From swimming to the big guns’ sheer firepower: Lieutenant-Colonel Sarah Heer

Article / October 23, 2017 / Project number: 17-0239

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By Lynn Capuano, Army Public Affairs

October is Women’s History Month in Canada and this year’s theme is “Claim your place”. Since Confederation 150 years ago, many capable and strong women have claimed their rightful places in our country’s proud history, including those serving in the Canadian Army (CA). Here is the second part of a profile of one such woman, Lieutenant-Colonel Sarah Heer, a member of the Royal Regiment of Canadian Artillery (RCA).

Ottawa, Ontario — Lieutenant-Colonel Sarah Heer joined the Canadian Army in 1997, attending the Royal Military College of Canada (RMC).

Remarkably, deep water brought her to the land forces and big guns of the CA. A competitive swimmer from an early age, she was intrigued when a CAF member and former swimmer described how being a competitive athlete set her up for success at RMC and for a career in the military.

“After that talk, I started thinking about joining. I wanted something that was going to challenge me physically and mentally like competitive swimming did and I found both in attending RMC and becoming an Artillery Officer,” said LCol Heer.

During her four years at RMC, she competed for Canada at the World Military Games, earning a number of medals and the title of the CAF Female Athlete of the Year in 1998.

Although she set out to become an Infantry Officer, she soon set her sights on the Artillery. “I was drawn to the diversity of tasks in the Artillery, the teamwork involved at all levels and, honestly, the sheer firepower that it could bring to the battlespace.”

After graduating from RMC, she joined the 2nd Regiment Royal Canadian Horse Artillery (2 RCHA) in Petawawa, Ontario and chose to end competitive swimming. “My priorities shifted to my career in the Artillery, and more specifically, leading the soldiers of the Gun Troop that I was privileged to command.”

Career and deployment experience: 20 years and counting

LCol Heer’s experience within 2 RCHA has been extensive: Gun line and Forward Observer experience, a stint as Unit Adjutant in the Regimental Headquarters and another as the G1 (Personnel and Administration) for 2nd Regiment, Canadian Mechanized Brigade Group. She commanded E Battery, 2 RCHA from 2011 to2013.

She completed her Joint Command and Staff Programme and Master’s in Defence Studies at the Canadian Forces College in Toronto in 2014 and was posted to the Strategic Joint Staff as a Regional Planner for Latin America.  LCol Heer followed this with a year as Artillery Officer Career Manager in 2015. She was the first woman to hold this post, a fact that she downplays. “To be an effective CM, I think it’s important to be respected, credible, and have the ability to quickly build a rapport with the officers you manage,” she said.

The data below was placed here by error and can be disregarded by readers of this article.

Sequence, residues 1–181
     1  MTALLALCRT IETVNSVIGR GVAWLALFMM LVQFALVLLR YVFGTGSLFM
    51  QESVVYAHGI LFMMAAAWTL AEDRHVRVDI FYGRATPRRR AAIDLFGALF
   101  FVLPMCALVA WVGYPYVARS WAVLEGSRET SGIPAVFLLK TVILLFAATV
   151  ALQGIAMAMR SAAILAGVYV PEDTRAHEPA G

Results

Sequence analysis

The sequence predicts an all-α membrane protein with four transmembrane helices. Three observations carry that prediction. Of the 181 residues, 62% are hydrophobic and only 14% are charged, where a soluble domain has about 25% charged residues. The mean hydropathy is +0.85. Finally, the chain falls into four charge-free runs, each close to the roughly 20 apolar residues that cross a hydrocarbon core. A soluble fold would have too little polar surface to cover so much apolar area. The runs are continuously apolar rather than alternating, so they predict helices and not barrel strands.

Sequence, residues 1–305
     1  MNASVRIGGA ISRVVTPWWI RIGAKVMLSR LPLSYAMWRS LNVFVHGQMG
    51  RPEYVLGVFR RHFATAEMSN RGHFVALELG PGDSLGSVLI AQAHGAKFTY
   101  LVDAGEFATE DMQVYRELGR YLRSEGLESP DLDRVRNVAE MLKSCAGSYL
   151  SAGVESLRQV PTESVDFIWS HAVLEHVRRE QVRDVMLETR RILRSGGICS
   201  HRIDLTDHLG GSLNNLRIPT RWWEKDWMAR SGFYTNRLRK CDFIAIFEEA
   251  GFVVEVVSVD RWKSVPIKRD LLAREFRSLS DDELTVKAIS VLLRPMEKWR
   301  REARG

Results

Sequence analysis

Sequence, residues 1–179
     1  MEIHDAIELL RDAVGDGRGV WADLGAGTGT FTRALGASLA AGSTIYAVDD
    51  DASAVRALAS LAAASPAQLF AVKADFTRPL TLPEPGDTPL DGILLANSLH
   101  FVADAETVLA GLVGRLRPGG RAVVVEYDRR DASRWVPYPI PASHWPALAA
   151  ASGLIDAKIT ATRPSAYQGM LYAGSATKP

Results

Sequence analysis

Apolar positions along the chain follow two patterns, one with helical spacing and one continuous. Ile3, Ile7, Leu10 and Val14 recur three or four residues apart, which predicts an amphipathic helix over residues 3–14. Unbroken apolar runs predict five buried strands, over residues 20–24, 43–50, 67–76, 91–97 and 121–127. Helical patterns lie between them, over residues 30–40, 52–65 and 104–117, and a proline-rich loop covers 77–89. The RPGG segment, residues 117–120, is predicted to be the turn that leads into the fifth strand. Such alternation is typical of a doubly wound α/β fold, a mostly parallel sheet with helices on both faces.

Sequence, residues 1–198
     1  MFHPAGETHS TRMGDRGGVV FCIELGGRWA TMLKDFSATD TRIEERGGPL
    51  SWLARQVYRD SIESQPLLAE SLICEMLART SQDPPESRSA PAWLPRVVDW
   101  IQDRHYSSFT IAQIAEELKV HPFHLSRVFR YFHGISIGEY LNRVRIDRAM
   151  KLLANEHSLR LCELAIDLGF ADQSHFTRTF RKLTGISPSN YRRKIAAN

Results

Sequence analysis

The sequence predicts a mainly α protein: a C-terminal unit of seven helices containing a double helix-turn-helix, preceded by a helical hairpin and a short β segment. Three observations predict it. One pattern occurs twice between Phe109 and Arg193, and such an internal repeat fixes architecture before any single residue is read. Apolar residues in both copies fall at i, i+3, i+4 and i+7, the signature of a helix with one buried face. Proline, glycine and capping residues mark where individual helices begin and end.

Deployments included both warfighting and humanitarian missions: Kabul, Afghanistan in 2003/2004 and Disaster Assistance Response Team (DART) deployments to Sri Lanka in 2005 and Haiti in 2010.

She deployed to Kabul for six months in 2003/04 as a Gun Troop Commander with F Battery in support of the 3rd Battalion, Royal Canadian Regiment Battle Group. Her duties included the reconnaissance and deployment of three Howitzers, the training and personal administration of 30 soldiers and acting as a Fire Support Coordination Centre Duty Officer in the Battlegroup Tactical Operations Centre.

Support on the home front while on deployment

“I think my challenges were like most soldiers deployed – missing my husband and being away from my loved ones is never easy,” she recalled. “I didn’t have children at that time; we were in our first year of marriage,” she said.

“I look back and realize how fortunate I was to deploy so early in my career, as it was a unique experience to put all your training into practical operational experience so quickly. It allowed me to not only build my professional competence, but also my confidence in my own leadership approach.”

As the Company Operations Officer on both DART missions, she coordinated tasks and worked closely with non-government organizations, the higher Joint Headquarters and other nations.

“The level of devastation was severe and the amount of immediate need required by so many was what struck me in both deployments,” she said. “It was inspiring to witness the strength and resilience in both the Sri Lankan and Haitian people after facing such a significant disaster.”

Once her daughters arrived, leaving for duty in Haiti was more difficult, but she knew her husband had her back. “Our girls, Jenna and Lauren, were four and two at the time. It was tough to leave them, but it also allowed me to see that as a family, we could get through it successfully.” 

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